Welcome to 2016, my fellow MSU Extension Spartans!

Welcome to 2016! I am thrilled to get a chance to highlight everything I’m learning about the amazing work that you are doing here in Michigan. I am looking forward to the chance to meet you and getting to know you. I would like to invite you to get to know a little bit more about me by checking out my About Me page.

This is another month to be proud of Michigan State University (MSU) Extension and the work that we do across the state. At Issues Identification listening sessions in Hancock, Escanaba and Sault Ste. Marie, we heard again about the appreciation Michigan residents have for you and the expertise you bring to their families, businesses and communities.

In Flint last Thursday, the Pediatric Public Health Initiative, a new collaboration between Michigan State University and Hurley Medical Center, was announced that will further focus attention and resources on Flint and children who have been impacted by toxic levels of lead in the water system. In the coming weeks and months, your MSU Extension colleagues will be doing even more along with partners from the Genesee County Health Department, Michigan Department of Health and Human Services and the College of Human Medicine at MSU. To read more about this initiative in Flint, you can read my previous blog post.

Of course, this week more than 600 of our teammates have also been providing breastfeeding education; helping families, farms and those with new product ideas to navigate difficult financial terrain; and opening doors to new learning opportunities for kids ranging from horsemanship and raising crops and animals to civic engagement and leadership. There is much to be proud of. We will continue to support, communicate and celebrate all that we do and have traditionally done at every opportunity.

We can also use our history, relationships, knowledge and expertise to develop new ideas, approaches and opportunities that are required of us in the 21st century. When my girls were small (Amanda and Rebecca are now 25 and 20, respectively), I struggled with a common issue experienced by nearly all parents with small children: how to keep them safe while traversing parking lots. Our rule was that once they got out of the car, they had to keep one hand on the vehicle until they held my hand, then we would walk hand-in-hand to our destination.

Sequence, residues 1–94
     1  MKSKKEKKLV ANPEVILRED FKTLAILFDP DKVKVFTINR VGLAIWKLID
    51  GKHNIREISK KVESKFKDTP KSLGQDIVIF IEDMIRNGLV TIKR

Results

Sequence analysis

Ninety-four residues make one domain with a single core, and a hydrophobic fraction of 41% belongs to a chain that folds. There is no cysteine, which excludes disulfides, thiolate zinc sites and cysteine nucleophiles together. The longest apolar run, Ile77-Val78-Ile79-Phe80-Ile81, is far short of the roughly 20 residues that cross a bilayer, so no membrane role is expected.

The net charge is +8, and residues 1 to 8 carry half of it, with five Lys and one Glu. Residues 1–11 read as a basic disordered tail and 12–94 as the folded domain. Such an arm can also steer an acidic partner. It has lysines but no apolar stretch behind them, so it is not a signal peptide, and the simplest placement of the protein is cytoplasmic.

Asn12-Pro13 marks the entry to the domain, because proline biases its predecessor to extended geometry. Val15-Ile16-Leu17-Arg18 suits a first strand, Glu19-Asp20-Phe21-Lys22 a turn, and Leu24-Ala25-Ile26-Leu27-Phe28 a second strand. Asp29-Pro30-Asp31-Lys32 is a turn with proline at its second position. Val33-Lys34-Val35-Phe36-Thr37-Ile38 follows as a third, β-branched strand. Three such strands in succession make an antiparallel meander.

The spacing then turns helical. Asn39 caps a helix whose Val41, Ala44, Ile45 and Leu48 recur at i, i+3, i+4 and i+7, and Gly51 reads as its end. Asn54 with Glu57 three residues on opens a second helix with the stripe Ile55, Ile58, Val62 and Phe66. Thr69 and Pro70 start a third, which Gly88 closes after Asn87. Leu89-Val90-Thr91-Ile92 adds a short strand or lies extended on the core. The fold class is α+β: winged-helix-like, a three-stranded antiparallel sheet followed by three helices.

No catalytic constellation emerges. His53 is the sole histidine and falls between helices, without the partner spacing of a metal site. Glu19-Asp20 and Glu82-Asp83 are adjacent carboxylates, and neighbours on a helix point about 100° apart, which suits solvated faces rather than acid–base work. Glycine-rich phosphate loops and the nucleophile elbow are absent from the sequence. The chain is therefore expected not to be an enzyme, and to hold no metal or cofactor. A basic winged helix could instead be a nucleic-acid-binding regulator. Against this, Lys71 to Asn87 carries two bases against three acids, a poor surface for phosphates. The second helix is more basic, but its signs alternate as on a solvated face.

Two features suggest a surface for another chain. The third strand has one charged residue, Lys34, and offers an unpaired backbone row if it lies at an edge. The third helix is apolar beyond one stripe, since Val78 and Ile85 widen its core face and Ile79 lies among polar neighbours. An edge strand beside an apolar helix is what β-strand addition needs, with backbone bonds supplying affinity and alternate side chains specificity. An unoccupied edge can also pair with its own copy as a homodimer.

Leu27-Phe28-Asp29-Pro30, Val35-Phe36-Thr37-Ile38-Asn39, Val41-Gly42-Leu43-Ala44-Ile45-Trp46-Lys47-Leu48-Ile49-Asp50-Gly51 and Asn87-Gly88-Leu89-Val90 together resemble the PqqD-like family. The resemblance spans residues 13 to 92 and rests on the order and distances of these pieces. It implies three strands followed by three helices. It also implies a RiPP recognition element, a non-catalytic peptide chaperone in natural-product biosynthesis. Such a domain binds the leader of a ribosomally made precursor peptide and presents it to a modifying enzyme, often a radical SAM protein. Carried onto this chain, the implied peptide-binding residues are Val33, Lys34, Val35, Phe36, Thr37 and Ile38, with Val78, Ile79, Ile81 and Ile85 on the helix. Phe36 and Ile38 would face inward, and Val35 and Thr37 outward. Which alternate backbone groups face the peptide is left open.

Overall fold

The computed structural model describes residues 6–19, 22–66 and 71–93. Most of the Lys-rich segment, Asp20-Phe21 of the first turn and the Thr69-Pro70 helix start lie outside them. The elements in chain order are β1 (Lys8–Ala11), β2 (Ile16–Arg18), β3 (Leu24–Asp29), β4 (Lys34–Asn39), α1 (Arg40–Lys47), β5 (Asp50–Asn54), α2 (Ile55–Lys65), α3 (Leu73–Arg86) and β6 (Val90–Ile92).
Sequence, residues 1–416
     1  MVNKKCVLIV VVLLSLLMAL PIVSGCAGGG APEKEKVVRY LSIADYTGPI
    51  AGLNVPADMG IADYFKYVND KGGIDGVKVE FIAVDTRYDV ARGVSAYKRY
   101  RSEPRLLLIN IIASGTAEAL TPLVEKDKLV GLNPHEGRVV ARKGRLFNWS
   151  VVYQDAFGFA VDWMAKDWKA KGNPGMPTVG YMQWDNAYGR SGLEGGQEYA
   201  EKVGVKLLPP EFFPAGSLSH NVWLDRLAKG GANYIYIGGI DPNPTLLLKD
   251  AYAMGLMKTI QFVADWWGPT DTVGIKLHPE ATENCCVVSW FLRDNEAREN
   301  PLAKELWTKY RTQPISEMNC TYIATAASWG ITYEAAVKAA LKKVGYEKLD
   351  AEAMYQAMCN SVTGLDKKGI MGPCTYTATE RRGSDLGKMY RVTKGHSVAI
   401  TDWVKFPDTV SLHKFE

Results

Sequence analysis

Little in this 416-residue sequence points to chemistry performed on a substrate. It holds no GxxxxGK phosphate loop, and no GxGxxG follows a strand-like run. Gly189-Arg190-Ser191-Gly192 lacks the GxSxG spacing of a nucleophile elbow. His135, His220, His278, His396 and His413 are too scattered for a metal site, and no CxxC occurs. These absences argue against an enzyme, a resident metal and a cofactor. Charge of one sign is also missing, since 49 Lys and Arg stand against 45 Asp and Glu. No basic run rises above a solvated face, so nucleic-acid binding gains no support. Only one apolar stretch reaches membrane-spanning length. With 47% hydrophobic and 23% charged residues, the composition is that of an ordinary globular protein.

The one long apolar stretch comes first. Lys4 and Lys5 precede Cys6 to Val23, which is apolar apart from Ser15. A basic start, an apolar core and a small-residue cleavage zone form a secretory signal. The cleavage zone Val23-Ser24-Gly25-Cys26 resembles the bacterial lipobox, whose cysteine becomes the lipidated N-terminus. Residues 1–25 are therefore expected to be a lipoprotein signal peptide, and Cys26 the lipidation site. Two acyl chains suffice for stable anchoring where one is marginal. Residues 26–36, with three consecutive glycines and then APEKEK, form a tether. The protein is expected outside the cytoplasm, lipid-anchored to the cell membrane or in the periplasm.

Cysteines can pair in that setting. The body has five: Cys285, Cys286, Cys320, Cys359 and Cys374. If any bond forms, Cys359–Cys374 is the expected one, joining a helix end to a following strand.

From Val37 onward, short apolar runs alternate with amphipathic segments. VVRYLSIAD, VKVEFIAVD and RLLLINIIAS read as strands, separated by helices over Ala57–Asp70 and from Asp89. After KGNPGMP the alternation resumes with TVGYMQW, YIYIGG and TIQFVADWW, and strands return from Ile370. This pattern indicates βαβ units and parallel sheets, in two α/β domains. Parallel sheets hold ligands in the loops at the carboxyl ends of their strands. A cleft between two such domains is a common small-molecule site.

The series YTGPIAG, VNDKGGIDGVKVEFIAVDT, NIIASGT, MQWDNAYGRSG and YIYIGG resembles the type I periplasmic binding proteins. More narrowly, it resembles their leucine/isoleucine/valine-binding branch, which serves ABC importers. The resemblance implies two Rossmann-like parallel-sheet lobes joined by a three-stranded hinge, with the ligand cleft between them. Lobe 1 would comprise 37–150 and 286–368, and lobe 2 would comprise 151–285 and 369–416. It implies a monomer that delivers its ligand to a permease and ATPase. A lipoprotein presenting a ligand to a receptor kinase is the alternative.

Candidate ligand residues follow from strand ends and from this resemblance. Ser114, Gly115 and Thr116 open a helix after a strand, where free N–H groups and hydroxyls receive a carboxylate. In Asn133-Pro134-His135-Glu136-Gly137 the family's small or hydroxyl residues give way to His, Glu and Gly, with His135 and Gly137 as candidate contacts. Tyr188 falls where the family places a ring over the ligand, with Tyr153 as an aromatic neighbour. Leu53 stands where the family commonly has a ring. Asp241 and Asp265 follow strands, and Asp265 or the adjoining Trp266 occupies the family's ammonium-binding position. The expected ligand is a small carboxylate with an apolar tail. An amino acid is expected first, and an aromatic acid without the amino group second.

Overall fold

But kids are kids. They would be excited about where we were going or who we were meeting and would sometimes drop my hand and take off. My (I think fairly typical) response would be to yell sharply and run after them, which meant we would end up at our destination across the parking lot with crying kids and a grumpy Dad. No fun.

Then we discovered a solution and we can thank the Beatles. Our new rule became this: if you take your hand away from Dad’s hand, he will sing the chorus from “I Want to Hold Your Hand” as loudly as he can right there in the parking lot (“I wanna hold your hand, I wanna hold your hand, I wanna hold your hand”). The moment you reattach your hand to his, he will stop. Sounds crazy, but it worked. Not only did it accomplish safety in the parking lot, but there was no more crying and grumpiness. (Hint: If this does not work on the first attempt, you are not singing loudly enough to completely embarrass them.)

Try it. Find your voice. As you tackle your responsibilities this week, think about the challenges you face in helping our friends, neighbors and constituents through the work that you do and consider whether an unusual solution like “singing in the parking lot” will help. Creative interventions and singing/spreading the word about the incredible work that you do can help you to achieve your goals, open new paths of opportunity and enable us to do even more to serve people throughout Michigan. Take a risk, f it does not work the first time, perhaps you are not singing loudly enough!

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